[..] Description of the patient’s health conditions and functional status was most often chosen by physicians as the most influential information when deciding about cessation of cancer screening. This is the type of information that physicians are most likely to be already familiar with about the patients. [..]

In contrast, a patient’s risk of dying from cancer in the remainder of their lifetime is not information that is readily available to physicians, yet this was perceived more than one-third of the time by physicians to be the most influential information when considering cancer screening cessation. A patient’s risk of dying from a specific cancer in the remainder of their lifetime is estimated by using life expectancy and population-level cancer mortality data. Guidelines increasingly recommend against routine screening for patients with limited life expectancy, but both physicians and older adults have reported skepticism about using life expectancy to guide cancer screening decisions. Reframing the discussion from limited life expectancy to low cancer risk in the patient’s remaining lifetime in clinical practice guidelines may be one way to enhance acceptability and adherence. For clinicians to use this information, however, it would likely require the implementation of decision support tools at the point of care that can present and emphasize a patient’s low risk of dying from a cancer in their remaining lifetime. One advantage of this framework of applying life expectancy to estimate individualized cancer risk is that it can be extended to other preventive care decisions, such as the risk of a cardiovascular event in a patient’s remaining lifetime when deciding about statin therapy. [..]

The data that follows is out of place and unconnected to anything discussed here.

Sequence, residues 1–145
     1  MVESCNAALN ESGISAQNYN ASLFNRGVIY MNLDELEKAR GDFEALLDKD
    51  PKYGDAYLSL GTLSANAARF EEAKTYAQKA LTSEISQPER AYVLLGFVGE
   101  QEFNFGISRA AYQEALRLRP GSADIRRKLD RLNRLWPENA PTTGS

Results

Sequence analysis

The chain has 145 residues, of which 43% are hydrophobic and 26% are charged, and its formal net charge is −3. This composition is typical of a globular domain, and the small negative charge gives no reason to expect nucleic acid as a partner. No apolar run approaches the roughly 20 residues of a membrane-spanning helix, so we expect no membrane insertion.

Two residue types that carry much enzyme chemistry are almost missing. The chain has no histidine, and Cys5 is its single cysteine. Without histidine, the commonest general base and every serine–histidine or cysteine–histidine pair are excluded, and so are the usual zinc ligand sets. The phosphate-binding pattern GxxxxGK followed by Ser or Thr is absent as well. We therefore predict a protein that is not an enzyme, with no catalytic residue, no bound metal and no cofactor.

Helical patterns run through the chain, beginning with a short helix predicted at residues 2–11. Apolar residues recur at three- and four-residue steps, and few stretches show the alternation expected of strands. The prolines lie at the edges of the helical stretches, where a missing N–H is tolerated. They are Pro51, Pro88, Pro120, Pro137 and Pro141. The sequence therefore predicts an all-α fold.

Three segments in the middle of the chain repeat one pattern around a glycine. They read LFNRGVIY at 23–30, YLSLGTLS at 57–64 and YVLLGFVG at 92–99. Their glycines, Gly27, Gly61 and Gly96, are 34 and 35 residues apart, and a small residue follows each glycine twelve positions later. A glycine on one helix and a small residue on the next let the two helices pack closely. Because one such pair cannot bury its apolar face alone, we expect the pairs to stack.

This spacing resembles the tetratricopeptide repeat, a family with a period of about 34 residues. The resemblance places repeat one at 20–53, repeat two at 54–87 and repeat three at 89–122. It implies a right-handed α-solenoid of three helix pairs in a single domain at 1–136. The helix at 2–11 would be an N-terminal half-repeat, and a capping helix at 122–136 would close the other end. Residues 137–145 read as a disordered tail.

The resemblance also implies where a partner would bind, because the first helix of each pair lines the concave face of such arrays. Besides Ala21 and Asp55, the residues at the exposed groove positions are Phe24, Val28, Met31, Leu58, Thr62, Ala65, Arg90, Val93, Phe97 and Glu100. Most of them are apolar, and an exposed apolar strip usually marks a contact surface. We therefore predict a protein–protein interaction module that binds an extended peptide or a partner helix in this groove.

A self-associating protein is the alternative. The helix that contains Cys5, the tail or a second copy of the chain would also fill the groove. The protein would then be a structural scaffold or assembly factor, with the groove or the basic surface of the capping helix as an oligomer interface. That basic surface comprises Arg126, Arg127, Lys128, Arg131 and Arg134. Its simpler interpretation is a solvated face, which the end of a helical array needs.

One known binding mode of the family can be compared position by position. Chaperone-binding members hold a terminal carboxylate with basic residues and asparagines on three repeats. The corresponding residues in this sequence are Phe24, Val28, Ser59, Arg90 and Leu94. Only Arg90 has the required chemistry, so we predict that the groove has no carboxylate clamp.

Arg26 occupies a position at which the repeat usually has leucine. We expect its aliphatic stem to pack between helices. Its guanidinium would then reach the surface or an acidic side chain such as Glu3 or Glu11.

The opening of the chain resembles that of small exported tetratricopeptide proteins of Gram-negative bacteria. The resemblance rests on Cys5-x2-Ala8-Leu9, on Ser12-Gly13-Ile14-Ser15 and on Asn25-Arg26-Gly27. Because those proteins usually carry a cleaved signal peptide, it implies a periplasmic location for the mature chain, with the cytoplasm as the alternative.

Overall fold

Our finding suggests that physicians also consider life expectancy more relevant as life expectancy becomes more limited. This may be because trust in the accuracy of estimating life expectancy is higher when estimating over a shorter time horizon. It also may be that it is more straightforward to base decision-making on life expectancy when life expectancy is clearly shorter than the guideline threshold as opposed to when life expectancy is close to the threshold. [..]

Physicians chose physiological age as the most influential factor in screening decisions only 5.3% of the time. Physiological age is a common topic of study in published scientific literature. Multiple studies have developed various tools to estimate physiological age, while others emphasize its influence in myriad decisions ranging from cardiovascular treatment to transplant surgery. Specifically, physiological age has been used to inform individualized cancer screening recommendations for older adults. Our results suggest that practicing physicians may be unfamiliar with the term or concept of physiological age, or they may perceive it as less relevant in screening cessation decisions. Future work may seek to better understand physicians’ perceptions and understanding of physiological age and how it may influence decision-making. [..]


There are multiple ways to present patient health information; this survey study found that physicians often perceived information about the risk of dying from cancer in the patient’s remaining lifetime or life expectancy as influential factors when making decisions about cancer screening cessation for older adults. Making such information readily accessible at the point of care may help reduce overscreening.”

Full article, NL Schoenborn, CM Boyd and CE Pollack, JAMA Network Open, 2023.5.15